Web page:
The facts of this appeal arise out of Paula Lowery Pugh’s (“plaintiff”) civil suit for abuse of process, malicious prosecution, conversion and assault and battery against her estranged husband, Larry Scott Pugh, and several of his business associates and family *377members (“defendants”). Several of the defendants swore out criminal warrants against plaintiff for such things as trespass and communicating threats. To aid in her defense, plaintiff retained the services of High Point attorney Debra Irene Johnson (“Johnson”). On Johnson’s advice, plaintiff recorded her telephone conversations with the defendants to document her allegations that they were attempting to force her out of the county. Plaintiff also alleged that these recordings contained evidence of criminal activity on the part of the defendants. Johnson was successful in helping plaintiff obtain a settlement with the defendants by which plaintiff agreed to move out of the county and defendants agreed to withdraw their criminal complaints. However, when plaintiff moved out of the county, the defendants reinstated their criminal warrants. Johnson closed her legal office and moved out of state. Prior to moving, Johnson contacted Attorney B. Ervin Brown, II (“Brown”) and asked him if he would represent plaintiff in her dispute with the defendants. Brown agreed and has represented plaintiff at all times relevant to this appeal.
On 16 April 1990, counsel for the defendants served a notice of deposition on plaintiff and requested that she produce “all audio tapes, photographs, documents, letters, papers, charts, writings and other tangible things” which she intended to introduce at trial. At the deposition, plaintiff testified, under oath, that she did not have any copies of the tapes and that she had given all of those to her former attorney, Johnson. At no time during the deposition did counsel for the defendants ask whether or not Brown was in possession of the tapes or transcripts of the tapes.
When defendants were unable to obtain copies of the tapes from plaintiff, they then subpoenaed Johnson and requested that she produce the same items as had been requested from plaintiff. Johnson testified that plaintiff had given her the tapes, that she had made transcripts from the tapes and that she had delivered the transcripts to Brown. Johnson further testified that the tapes were still in her possession, but that she did not have them with her because they were in storage. When defendants’ counsel asked if Johnson was going to produce the tapes, Brown interrupted and replied that the transcripts and tapes were prepared in anticipation of litigation and were covered by the work product doctrine.
Frustrated in their attempts to obtain copies of plaintiff’s tapes, defendants filed a motion to dismiss, motion for sanctions *378and motion for protective order on the day of the trial. At a hearing Judge Morgan concluded that plaintiff and Brown had violated Rule 26(e)(1), Rule 26(e)(2), Rule 37(a)(3) and Rule 37(d) without justification and sanctioned Brown $1,171.50. Brown filed a motion to reconsider and for relief from order, which the trial court denied. Brown has now appealed the sanctions and the denial of his motion to reconsider.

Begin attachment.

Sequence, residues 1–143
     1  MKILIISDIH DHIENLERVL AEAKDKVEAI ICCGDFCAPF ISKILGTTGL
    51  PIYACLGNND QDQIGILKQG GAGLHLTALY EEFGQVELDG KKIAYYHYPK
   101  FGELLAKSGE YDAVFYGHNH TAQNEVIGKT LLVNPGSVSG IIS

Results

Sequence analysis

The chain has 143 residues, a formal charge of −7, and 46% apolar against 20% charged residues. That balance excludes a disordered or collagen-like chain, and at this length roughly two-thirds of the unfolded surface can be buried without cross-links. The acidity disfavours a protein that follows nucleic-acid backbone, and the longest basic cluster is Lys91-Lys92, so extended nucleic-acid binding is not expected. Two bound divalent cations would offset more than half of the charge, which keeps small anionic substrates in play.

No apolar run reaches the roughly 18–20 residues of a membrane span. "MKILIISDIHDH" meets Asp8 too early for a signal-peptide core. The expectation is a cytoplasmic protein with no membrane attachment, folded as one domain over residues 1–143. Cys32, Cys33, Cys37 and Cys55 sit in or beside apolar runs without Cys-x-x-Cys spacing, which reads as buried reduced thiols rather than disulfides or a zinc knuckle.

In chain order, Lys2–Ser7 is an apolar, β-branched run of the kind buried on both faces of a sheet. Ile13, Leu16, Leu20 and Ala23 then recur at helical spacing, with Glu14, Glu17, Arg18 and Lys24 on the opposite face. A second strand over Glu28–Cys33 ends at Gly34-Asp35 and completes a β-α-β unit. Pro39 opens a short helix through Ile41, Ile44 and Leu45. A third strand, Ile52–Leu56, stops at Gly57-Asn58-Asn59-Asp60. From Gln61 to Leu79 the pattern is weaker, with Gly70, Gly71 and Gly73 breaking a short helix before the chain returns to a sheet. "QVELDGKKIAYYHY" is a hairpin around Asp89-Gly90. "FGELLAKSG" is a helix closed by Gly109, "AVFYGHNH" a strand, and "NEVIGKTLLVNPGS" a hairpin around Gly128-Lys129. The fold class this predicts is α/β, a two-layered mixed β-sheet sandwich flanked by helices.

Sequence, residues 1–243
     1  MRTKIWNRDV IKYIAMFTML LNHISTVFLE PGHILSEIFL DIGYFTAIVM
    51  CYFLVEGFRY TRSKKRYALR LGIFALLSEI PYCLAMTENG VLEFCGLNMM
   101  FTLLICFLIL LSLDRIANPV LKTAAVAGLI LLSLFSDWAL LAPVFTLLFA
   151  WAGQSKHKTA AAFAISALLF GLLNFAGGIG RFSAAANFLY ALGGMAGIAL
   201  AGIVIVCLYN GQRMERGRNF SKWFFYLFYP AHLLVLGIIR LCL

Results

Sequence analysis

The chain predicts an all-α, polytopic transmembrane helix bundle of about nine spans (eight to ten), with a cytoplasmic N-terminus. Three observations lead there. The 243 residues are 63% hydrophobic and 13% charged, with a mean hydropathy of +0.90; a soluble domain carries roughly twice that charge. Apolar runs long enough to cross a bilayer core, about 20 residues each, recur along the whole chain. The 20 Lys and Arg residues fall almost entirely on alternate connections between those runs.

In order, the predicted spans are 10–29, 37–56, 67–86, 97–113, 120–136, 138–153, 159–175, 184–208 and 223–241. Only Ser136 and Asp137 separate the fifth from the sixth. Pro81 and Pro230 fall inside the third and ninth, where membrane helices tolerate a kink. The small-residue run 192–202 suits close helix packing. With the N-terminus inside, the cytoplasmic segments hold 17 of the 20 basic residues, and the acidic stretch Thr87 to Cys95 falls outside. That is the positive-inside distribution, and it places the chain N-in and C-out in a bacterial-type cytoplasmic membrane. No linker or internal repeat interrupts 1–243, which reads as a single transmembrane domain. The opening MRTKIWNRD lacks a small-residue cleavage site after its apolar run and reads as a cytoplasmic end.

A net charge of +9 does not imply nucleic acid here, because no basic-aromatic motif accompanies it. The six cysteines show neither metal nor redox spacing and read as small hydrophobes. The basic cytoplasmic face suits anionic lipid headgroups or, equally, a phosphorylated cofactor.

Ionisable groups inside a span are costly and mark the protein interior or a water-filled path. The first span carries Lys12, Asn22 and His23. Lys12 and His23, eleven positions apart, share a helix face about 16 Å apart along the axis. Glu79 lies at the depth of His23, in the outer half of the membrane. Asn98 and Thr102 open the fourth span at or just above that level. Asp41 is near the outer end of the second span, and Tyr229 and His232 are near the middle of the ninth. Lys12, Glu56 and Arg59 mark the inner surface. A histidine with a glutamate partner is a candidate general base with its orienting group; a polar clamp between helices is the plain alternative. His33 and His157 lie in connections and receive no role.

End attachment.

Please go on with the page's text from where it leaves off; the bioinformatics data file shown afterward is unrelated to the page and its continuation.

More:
The substantive law governing discovery is contained in N.C.G.S. § 1A-1, Rules 26-36. However, it is Rule 37 which governs discovery sanctions and which puts teeth in the other rules. As this Court stated in Green v. Maness, 69 N.C. App. 292, 299, 316 S.E.2d 917, 922, disc. review denied, 312 N.C. 622, 323 S.E.2d 922 (1984):
Our courts and the federal courts have held consistently that the purpose and intent of [Rule 37] is to prevent a party who has discoverable information from making evasive, incomplete, or untimely responses to requests for discovery .... In addition to its inherent authority to regulate trial proceedings, the trial court has express authority under G.S. 1A-1, Rule 37, to impose sanctions on a party who balks at discovery requests.
Therefore, although the trial court found that Brown violated several discovery rules, we must first find a basis in Rule 37 to support the trial court’s imposition of sanctions. Based on the trial court’s order, the only portions of Rule 37 which are applicable are (a)(3) and (d).
 After reviewing the provisions of Rule 37(a)(3) we find that this section is insufficient to justify the imposition of sanctions in the present case. Rule 37(a)(3) provides that “[f]or purposes of this subdivision an evasive or incomplete answer is to be treated as a failure to answer.” Although it is clear that plaintiff’s responses to discovery, through Brown, were incomplete and evasive, Rule 37(a) requires that a motion to compel be filed before sanctions can be awarded. See N.C.G.S. § 1A:1, Rule 37(a); G. Gray Wilson, North Carolina Civil Procedure, § 37-1 (1989). In this case, defendants never filed a motion to compel, but instead immediately filed a motion for dismissal. Accordingly, Rule 37(a) is not applicable to this case.
 Since subsection (a)(3) is insufficient to justify the imposition of sanctions in this case, we turn to the provisions of subsection *379(d). Generally sanctions under Rule 37 are imposed only for the failure to comply with a court order. Stilley v. Auto. Enters. of High Point, Inc., 55 N.C. App. 33, 284 S.E.2d 684 (1981), disc. review denied, 305 N.C. 307, 290 S.E.2d 708 (1982). Rule 37(d), however, expressly contemplates a limited number of circumstances where a court order is not required before sanctions can be imposed. See First Citizens Bank & Trust Co. v. Powell, 58 N.C. App. 229, 292 S.E.2d 731 (1982), aff'd, 307 N.C. 467, 298 S.E.2d 386 (1983) (per curiam) (Court order compelling discovery was not a prerequisite to entry of default judgment). Rule 37(d) provides in pertinent part:
If a party . . . fails . . . (iii) to serve a written response to a request for inspection submitted under Rule 34, after proper service of the request, the court in which the action is pending on motion may make such orders in regard to the failure as are just, and among others it may take any action authorized under subdivisions a, b, and c of subsection (b)(2) of this rule. In lieu of any order or in addition thereto, the court shall require the party failing to act to pay the reasonable expenses, including attorney’s fees, caused by the failure, unless the court finds that the failure was substantially justified or that other circumstances make an award of expenses unjust.